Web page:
Quite clearly, a district attorney can amend a Grand Jury indictment. State v. Fitzgerald, 248 La. 487, 179 So. 2d 906 (1965). Here, the original indictment was deficient in that it failed to describe the unnatural sex acts, referring only to "unnatural carnal copulation." The amendment corrected the deficiency. Accordingly, we regard it as an amendment of substance.

An amendment of substance is properly allowed before trial. LSA-C.Cr.P. Art. 487; State v. Hubbard, La., 279 So. 2d 177 (1973).

We conclude that there was no error in the ruling of the trial judge.


The defendant reserved Bill of Exceptions No. 2 to the court's overruling of the defendant's Motion to Quash the indictment. The defendant asserts that LSA-R.S. 14:89 and LSA-R.S. 14:89.1, proscribing the crime against nature, are unconstitutional. This Court has recently rejected an attack upon the constitutionality of LSA-R.S. 14:89. State v. Lindsey, La., 310 So. 2d 89 (1975); State v. Bonanno, 245 La. 1117, 163 So. 2d 72 (1964). In the light of that holding, LSA-R.S. 14:89.1 is likewise constitutional.

Bill of Exceptions No. 2 is consequently without merit.


Defendant reserved Bill of Exceptions No. 3 when the trial court ruled that rearraignment after amendment of the indictment was unnecessary. He urges that he is entitled to be arraigned on the amended indictment with an opportunity to file technical motions upon the amended indictment.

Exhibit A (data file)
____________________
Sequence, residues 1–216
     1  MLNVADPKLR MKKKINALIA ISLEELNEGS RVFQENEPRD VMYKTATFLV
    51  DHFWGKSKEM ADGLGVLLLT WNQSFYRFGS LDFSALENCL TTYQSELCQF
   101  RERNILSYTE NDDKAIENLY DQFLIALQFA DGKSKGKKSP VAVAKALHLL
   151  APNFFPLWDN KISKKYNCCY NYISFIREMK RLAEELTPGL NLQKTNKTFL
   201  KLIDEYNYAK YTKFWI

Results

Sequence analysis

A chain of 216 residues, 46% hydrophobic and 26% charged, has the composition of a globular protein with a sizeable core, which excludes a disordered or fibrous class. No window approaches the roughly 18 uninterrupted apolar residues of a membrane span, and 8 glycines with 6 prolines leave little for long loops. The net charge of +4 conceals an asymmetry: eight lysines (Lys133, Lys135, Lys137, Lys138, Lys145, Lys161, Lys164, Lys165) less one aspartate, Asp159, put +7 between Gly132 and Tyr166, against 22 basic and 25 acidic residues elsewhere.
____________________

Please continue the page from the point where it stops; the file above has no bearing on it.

The function of an arraignment is to notify the defendant of the charge against him. LSA-C.Cr.P. Art. 551. Defendant was arraigned on the original indictment. His plea of not guilty also applied to the amended indictment, since the amendment was designed to cure deficiencies and not to alter the nature of the crime. See State v. Bonner, 193 La. 387, 190 So. 621 (1939). Under these circumstances, rearraignment was unnecessary.

Moreover, defendant fails to show what motion he would have filed if he had been rearraigned.

Bill of Exceptions No. 3 is, therefore, without merit.


Defendant reserved Bill of Exceptions No. 4 when the court denied his motion for a continuance after the amendment of the indictment. The amendment was timely made prior to trial. As stated in Bill of Exceptions No. 1, it set forth the details of the charge in conformity with LSA-C.Cr.P. Art. 465.